DHQ: Digital Humanities Quarterly
Volume 4 Number 1
2010 4.1  |  XMLPDFPrint

Crafting the User-Centered Document Interface: The Hypertext Editing System (HES) and the File Retrieval and Editing System (FRESS)

Belinda Barnet  <BBarnet_at_groupwise_dot_swin_dot_edu_dot_au>, Lecturer in Media at Swinburne University Melbourne, in association with Smart Services CRC.


This article traces the development of two important hypertext systems in the history of computing, and the new paradigms they created: the Hypertext Editing System (HES) and the File Retrieval and Editing System (FRESS). HES was the world's first word processor to run on commercial equipment. It was also the first hypertext system that beginners could use, and pioneered many modern hypertext concepts for personal use. Although the idea of hypertext predates HES and FRESS, this article argues that these two systems were successful because they demonstrated hypertext to a sceptical public; they were both working prototypes.

Introduction: Demo or Die

How does one tell the story of a computer system? As Larry Owens observes in his essay on U.S. engineer Vannevar Bush, “However the historian chooses to answer [this question], utility must certainly play a role”  [Owens 1991, 23]. In computer science and engineering, there is an emphasis on prototypes, software, things that are concrete.[1] This applies to engineering discourse as well; one of the main criteria applied to engineered technological solutions is that they work [Childress 1998], or more precisely, that they are seen to work. A good working prototype can send shockwaves throughout a research community, and it can inspire a host of new machines in quick succession. This “witnessing” is fundamental to the evolution of technical artefacts; when people see a machine in use, they can visualise the future of the object, connect it with what they are doing in their own work, and connect it with other machines or families of machines. An inventor is always and also a “combinatory” genius, selecting the best technical forms from a number of possibilities, and combining these into a new artefact. What has been witnessed, evaluated and shown to work constitutes the material for transfer.
This emphasis on prototypes and demonstrations is not just historically specific to mid-twentieth century engineering discourse; it is also evident in contemporary new media.

Demonstrations have had an important, perhaps even central, place in new media innovation. In some centres of new media, the traditional knowledge-work dictum of “publish or perish” is replaced by “demo or die.”  [Wardrip-Fruin & Montfort 2003, 231]

To put it simply: there is a difference between technical vision and technical artefact. As I have argued elsewhere [Barnet 2008], we can dream of time machines and of warp speed — but the reason an engineering prototype has a rapid and often “brutal” productive effect on its milieu is that it displaces technical and financial limits and demonstrates what is possible. Sometimes, it creates new paradigms.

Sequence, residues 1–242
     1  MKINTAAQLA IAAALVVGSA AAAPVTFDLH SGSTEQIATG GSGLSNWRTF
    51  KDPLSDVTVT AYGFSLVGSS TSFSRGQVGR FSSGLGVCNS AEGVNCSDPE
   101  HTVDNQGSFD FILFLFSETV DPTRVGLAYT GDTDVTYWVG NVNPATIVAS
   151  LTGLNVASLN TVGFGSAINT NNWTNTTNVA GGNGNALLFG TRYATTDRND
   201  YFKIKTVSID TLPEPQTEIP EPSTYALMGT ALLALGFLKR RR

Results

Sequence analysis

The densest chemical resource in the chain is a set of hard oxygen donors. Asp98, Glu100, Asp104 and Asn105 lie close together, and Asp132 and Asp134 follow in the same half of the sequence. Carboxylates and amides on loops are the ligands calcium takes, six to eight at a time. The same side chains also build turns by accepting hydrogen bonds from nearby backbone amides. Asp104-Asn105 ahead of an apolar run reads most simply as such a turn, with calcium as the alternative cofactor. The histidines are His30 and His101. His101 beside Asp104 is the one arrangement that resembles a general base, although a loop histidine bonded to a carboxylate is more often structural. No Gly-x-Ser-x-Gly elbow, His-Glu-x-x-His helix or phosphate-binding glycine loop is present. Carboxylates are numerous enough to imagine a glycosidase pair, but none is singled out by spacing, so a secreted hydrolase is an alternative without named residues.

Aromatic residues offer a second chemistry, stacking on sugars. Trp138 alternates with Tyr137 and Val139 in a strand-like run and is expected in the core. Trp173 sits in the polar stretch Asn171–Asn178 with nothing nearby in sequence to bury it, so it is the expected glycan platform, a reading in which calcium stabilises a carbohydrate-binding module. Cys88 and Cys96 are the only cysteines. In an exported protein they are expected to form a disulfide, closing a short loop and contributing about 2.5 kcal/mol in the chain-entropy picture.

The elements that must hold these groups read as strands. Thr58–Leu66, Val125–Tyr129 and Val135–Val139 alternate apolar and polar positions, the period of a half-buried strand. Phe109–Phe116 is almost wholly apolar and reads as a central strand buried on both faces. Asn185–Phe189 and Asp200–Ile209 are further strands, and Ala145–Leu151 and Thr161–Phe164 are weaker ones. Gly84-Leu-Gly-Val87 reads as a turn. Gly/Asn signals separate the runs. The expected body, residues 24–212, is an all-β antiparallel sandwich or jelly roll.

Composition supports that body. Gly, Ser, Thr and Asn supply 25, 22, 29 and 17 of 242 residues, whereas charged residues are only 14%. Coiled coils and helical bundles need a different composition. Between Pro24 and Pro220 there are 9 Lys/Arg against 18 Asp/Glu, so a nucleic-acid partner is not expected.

In this article I will be tracing the development of two important prototype systems in the history of hypertext, and the new paradigms they created: the Hypertext Editing System (HES) and the File Retrieval and Editing System (FRESS). HES was the world's first word processor to run on commercial equipment. It was also the first hypertext system that beginners could use, and pioneered many modern hypertext concepts for personal use. FRESS was Van Dam’s second attempt at a hypertext system, and incorporated some ideas from another pioneering hypertext system from the 1960s, Douglas Engelbart’s oN-Line System or NLS. HES and FRESS were developed at Brown University in the late 1960s under the leadership of Andries Van Dam, Professor of Computing Science at Brown. They were built at a time when computers, in large part, were still seen primarily as tools for mathematical calculations, and computer engineers had no business talking about text editing or interactivity. In an interview with the author, Van Dam recalls that in the 1960s “the whole idea of a user in an interactive computer loop was still foreign to most people”  [Van Dam 1999]. The story of HES and FRESS is a remarkable one as much for its audacity as its historical influence, and the lack of detailed literature on its development is surprising given this influence. As working prototype systems, they had technical chutzpah.
The idea of hypertext predates HES and FRESS. The term was coined in 1962 by computer visionary Theodor Holm (Ted) Nelson to describe “nonlinear” text, although the concept of a technical system designed to facilitate nonlinear text can be traced back as far as 1910.[2] Nelson was a co-designer of HES, but was most famous for imagining a hypertext system in the mid-sixties called Xanadu. Xanadu, like its fictional namesake by Samuel Taylor Coleridge, was a vision in a dream, a computer filing system which would store and deliver the great body of human literature, in all its historical versions and with all its messy interconnections, acknowledging authorship, ownership, quotation and linkage. Nelson began writing about this idea in the sixties, and it has been “under development” for fifty years hence; he has not produced a working prototype or demo of Xanadu, although he did release some shells of code in 1999. To Nelson’s dismay, and unfairly, it has consequently been hailed as “the longest-running vaporware project in the history of computing”  [Wolf 1995]. Due in part to this lack of a real-world prototype, Nelson has had difficulty attracting funding or having his work taken seriously. This vision of hypertext did, however, inspire Van Dam.
Although Nelson was a co-designer of HES, there was a falling-out with the team during its design and implementation, and Nelson stated in an interview with the author that he was unhappy with the result [Nelson 1999]. As we will explore in this article, Van Dam and his team were concerned less with grand visions and more with getting the system built and funded in the real world. HES was effectively the first hypertext system available on commercial equipment that novices could use. It introduced interactive reading and authoring to the humanities and the text link to lay users; it established a technical precedent for systems to follow.